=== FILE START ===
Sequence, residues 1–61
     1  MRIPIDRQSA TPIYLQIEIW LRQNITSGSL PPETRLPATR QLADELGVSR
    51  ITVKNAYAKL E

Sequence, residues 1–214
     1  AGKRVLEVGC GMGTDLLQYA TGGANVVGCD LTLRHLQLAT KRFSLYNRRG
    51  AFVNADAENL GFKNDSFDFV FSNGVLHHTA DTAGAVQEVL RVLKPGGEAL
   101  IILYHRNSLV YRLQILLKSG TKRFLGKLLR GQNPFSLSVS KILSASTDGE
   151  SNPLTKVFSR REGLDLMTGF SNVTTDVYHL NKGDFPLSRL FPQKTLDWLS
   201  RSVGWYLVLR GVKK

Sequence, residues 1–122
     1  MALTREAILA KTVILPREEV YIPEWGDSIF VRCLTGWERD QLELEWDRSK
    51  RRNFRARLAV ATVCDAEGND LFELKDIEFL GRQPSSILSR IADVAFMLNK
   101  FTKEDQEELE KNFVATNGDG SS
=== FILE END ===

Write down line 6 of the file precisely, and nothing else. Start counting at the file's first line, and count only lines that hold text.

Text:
    51  AFVNADAENL GFKNDSFDFV FSNGVLHHTA DTAGAVQEVL RVLKPGGEAL